Syndicated columnist Bob Novak once again proves himself incompetent to write about Christian Arabs, their status in Palestinian and Israeli societies, and Israeli policy toward them.
Richard Horton, editor of The Lancet, the prestigious British medical journal, exploits his position to blame Israel for Palestinian healthcare problems in a lengthy article in the New York Review of Books.
When German Bishop Gregor Maria Franz Hanke compared Israel's security measures to the Nazi campaign to liquidate Jews in the Warsaw Ghetto, he used rhetoric typically employed by anti-Zionists seeking to delegitimize Israel.
The recent issue of ELCA’s denominational magazine reports that organizers of a Lutheran-sponsored conference explicitly chose to not invite Israelis to an event where a Hamas-supported politician – Bethlehem Mayor Victor Batarseh – condemned Israel’s security barrier.
CAMERA asked the Christian Century to correct the errors of its longtime columnist. The magazine's editor and publisher, Rev. John M. Buchanan, refused.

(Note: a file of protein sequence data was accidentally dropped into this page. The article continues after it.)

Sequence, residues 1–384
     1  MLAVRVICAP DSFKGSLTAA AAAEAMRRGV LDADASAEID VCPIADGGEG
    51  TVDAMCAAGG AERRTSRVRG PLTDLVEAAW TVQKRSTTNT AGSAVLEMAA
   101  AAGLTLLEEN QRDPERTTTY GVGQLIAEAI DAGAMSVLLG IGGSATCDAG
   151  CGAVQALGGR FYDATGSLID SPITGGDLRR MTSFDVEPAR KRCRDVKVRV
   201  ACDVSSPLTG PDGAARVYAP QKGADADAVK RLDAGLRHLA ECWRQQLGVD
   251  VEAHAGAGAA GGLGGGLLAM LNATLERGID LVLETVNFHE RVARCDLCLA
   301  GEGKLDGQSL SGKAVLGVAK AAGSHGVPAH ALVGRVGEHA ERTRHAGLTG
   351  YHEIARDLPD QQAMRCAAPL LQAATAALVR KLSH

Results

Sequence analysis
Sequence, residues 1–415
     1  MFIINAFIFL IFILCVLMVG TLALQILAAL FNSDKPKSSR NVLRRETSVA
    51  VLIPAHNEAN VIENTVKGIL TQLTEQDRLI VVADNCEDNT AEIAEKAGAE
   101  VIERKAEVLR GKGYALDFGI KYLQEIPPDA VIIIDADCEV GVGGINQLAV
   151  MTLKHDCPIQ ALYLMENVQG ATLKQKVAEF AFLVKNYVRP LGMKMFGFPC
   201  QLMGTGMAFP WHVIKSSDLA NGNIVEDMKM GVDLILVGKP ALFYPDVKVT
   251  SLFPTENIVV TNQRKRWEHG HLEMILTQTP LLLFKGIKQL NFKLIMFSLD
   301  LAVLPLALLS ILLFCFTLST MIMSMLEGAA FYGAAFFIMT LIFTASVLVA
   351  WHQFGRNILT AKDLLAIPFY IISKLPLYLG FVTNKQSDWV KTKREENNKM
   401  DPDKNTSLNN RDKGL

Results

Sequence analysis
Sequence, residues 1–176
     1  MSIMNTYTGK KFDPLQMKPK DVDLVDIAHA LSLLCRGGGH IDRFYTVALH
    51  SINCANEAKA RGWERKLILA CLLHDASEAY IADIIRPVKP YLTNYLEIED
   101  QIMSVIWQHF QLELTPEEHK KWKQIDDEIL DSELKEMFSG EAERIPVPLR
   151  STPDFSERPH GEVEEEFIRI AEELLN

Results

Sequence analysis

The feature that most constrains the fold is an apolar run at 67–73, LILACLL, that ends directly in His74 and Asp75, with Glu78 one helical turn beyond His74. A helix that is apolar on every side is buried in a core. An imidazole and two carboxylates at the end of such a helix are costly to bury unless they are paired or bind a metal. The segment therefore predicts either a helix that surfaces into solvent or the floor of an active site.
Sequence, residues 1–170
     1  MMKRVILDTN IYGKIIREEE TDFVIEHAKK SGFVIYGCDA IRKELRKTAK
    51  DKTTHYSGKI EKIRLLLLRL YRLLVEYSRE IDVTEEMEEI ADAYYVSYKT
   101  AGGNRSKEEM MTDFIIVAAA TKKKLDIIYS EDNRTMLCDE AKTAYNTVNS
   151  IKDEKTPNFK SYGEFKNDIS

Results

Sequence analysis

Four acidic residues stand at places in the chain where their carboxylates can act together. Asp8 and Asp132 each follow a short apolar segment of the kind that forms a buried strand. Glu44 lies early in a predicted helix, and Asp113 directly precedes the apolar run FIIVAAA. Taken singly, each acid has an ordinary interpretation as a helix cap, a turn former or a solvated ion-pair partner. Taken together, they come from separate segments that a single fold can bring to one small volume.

BBC's coverage of the Middle East has an underlying text: Israel is at the root of all the region's conflicts. This biased perspective, exhibited in much of BBC's reporting, is institutional.
During the 2006 holiday season, Israel's Christian critics used Bethlehem, the scene of Jesus's birth, as a centerpiece for a distorted narrative that portrays Israel as an aggressor nation and the Palestinians as blameless victims.
The multiple factual errors in Jimmy Carter's interviews with Wolf Blitzer and Larry King suggest that the former president either has scant knowledge of the facts, or little desire to truthfully discuss those facts.
Joel Carillet's defense of his Disciples World article accusing Israeli soldiers of leaving a baby to die at an Israeli checkpoint raises more questions than it answers.
Henry Siegman's long list of factual errors, his intemperate anti-Israel rhetoric, his indulgent, if not sycophantic, stance toward Hamas, and his endless self-contradiction might make one wonder why mainstream news organizations so frequently turn to the Council on Foreign Relations "expert."